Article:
Biblical Models For Modern Jewish Relationships?

By Joan Leib


Review of Righteous Gentiles in the Hebrew Bible: Ancient Role Models for Sacred Relationships by Jeffrey Salkin (Jewish Lights, 2008).

I am what some have called a “secular Jew.” I was not given any formal religious education as a child, but my mom, a single parent by choice, took pains to help me learn what it means to be Jewish in the societal, cultural and historical sense. Now that I am a single parent myself, I’m trying to do the same for my kids.

Salkin book coverAs such, I’m not sure that I am really the intended audience for Righteous Gentiles in the Hebrew Bible: Ancient Role Models for Sacred Relationships by Jeffrey Salkin. As the subtitle implies, the basic premise of this book is that by studying the biblical examples of non-Jews who helped the Jewish people, we can come to greater understanding of how to approach our own relationships and interactions with gentiles–and especially how to practice our own faith in coexistence with others practicing different faiths. I don’t necessarily feel that this is a message I’m in great need of hearing; perhaps there are a lot of American Jews whose daily lives rarely bring them into contact with non-Jews, but that is not my personal experience.

Still, the overall message is valuable to all, I think: namely, that one doesn’t have to be a believer in a particular religion in order to honor it, and that one doesn’t have to be a member of a particular group in order to want to help them. These are definitely important concepts to me as a Jew, an American, a parent and a human being.

In the book, Salkin devotes each chapter to a different person or group of persons from the Bible: fifteen in all. For each one, he tells the story as it appears in the Bible, and goes on to flesh out the story using details from midrash and similar sources, as well as apparently some speculation or embellishments of his own. The end result is a juicy cross between soap opera and morality play; Salkin tells an engaging story, although he has a strong tendency to wander off on lengthy tangents, making it occasionally difficult to follow the thread of the narrative. But overall he does a good job of summarizing each story including the attendant politics and social climate of the time. Some of the people he writes about are kings or religious leaders; some are common folk or even lower-class citizens; some are familiar names, some obscure; they all of course have in common that they are not Jewish, and that in some way during their lifetimes they had a positive impact on the condition of the Jewish people in ancient times.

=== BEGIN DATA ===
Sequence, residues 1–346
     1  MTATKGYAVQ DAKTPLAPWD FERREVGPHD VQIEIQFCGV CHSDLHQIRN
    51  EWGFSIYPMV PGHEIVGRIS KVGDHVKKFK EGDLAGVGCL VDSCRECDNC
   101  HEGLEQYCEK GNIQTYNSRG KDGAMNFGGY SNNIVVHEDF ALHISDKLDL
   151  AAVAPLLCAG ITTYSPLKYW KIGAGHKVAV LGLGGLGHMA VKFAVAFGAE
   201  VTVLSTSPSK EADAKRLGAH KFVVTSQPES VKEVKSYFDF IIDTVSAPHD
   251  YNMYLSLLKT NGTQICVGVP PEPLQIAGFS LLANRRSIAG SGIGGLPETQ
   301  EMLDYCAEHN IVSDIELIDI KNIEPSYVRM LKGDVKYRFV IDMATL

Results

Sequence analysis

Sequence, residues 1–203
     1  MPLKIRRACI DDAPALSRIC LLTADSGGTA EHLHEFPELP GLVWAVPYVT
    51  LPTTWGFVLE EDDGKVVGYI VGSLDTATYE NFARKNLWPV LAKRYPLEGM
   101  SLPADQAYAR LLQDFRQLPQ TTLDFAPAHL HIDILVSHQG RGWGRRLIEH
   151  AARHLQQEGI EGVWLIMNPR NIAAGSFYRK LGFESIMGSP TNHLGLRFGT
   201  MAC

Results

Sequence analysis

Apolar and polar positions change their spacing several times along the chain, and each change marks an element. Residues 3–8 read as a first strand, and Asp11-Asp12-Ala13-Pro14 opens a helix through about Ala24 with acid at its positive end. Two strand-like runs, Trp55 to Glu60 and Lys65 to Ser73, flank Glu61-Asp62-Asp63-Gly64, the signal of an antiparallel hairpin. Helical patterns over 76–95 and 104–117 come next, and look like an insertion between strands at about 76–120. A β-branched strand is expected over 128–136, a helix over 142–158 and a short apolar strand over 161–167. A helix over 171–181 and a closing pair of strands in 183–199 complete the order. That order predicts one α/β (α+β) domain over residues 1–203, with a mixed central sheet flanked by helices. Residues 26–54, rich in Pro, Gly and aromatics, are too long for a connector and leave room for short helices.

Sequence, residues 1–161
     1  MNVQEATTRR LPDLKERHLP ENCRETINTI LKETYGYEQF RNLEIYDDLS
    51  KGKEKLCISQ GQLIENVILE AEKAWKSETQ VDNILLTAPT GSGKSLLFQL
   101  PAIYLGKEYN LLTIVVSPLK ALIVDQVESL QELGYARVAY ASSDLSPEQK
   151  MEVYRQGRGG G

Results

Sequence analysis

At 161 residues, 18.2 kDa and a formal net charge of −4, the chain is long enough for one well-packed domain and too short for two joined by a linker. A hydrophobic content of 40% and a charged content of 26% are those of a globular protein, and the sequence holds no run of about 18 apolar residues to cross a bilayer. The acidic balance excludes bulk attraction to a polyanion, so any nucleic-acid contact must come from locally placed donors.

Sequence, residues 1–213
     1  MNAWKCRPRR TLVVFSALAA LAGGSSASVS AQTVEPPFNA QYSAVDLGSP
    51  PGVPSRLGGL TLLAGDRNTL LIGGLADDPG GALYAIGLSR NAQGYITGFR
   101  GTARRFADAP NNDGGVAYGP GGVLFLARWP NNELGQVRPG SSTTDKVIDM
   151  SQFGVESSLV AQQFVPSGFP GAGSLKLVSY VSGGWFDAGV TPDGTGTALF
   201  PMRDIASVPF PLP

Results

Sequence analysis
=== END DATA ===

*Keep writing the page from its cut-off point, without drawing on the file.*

I found it interesting that fully half the chapters are devoted to women. They include prostitutes, midwives and warriors, as well as notably the handmaiden Hagar, mother of Ishmael. I found this chapter particularly interesting, and was gratified to note that Salkin acknowledges straight out that the story of Hagar is not particularly flattering to Jews (or, specifically, to Abraham and Sarah, and their clan). To think of Hagar for me is to think of the frightening dystopian imaginings of Margaret Atwood in The Handmaid’s Tale, stories of women forced into subservience, forced to conceive and bear children that they will never be allowed to call theirs. But in truth Hagar’s story is one of the stories of Israel; as a prophet herself and as the mother of Ishmael her legacy permeates the canon of not one, not two, but three religions! And Salkin gives it a twist by recounting the story of Hagar as it is known in Islam, and weaving that version of the story into his interpretation.

Overall, Salkin’s analyses of the stories are a bit spotty. In some chapters he devotes pages and pages to fiddly discussion of details of Hebrew grammar and what this word might or might not imply versus that word; then at the end he tacks on a sentence or two about the moral of the story, and moves on to the next. In other cases, he takes so long about recounting the story (with all its twists and turns, and his many digressions) and then again adds just a brief discussion of the story’s message. In still others, he presents the story itself somewhat perfunctorily and then muses at length about the moral implications. This unevenness–along with the fact that the final chapter ends when its story ends, with no closing chapter to summarize and recap the entire thing–left me feeling a bit unsatisfied in the end, like I had been left hanging. Overall the book reads more like one man’s ruminations on a motley collection of stories, than like a well-constructed argument in favor of a specified conclusion. Probably this is neither good nor bad; the points Salkin is making don’t necessarily lend themselves to the strict structure of a persuasive essay; the “series of ruminations” is perhaps more suited to the topic anyway. In the end, he makes some good points and told me some things I didn’t know about Jewish history, which is all good.

I think that anyone who is Jewish, or not, and who has interest in the complex relationships between Jews and gentiles, would find this book edifying. Certainly one of my goals as a parent is to teach my children that any person may be their friend regardless of faith, and that other faiths are to be respected even when they differ from ours, and that all people are to be respected and honored. And while Righteous Gentiles in the Hebrew Bible may not have anything truly earth-shattering to say on the subject, it can certainly provide food for thought, and is a gentle, engaging read.

About Joan Leib

Joan Leib is a technical writer and single mother of two.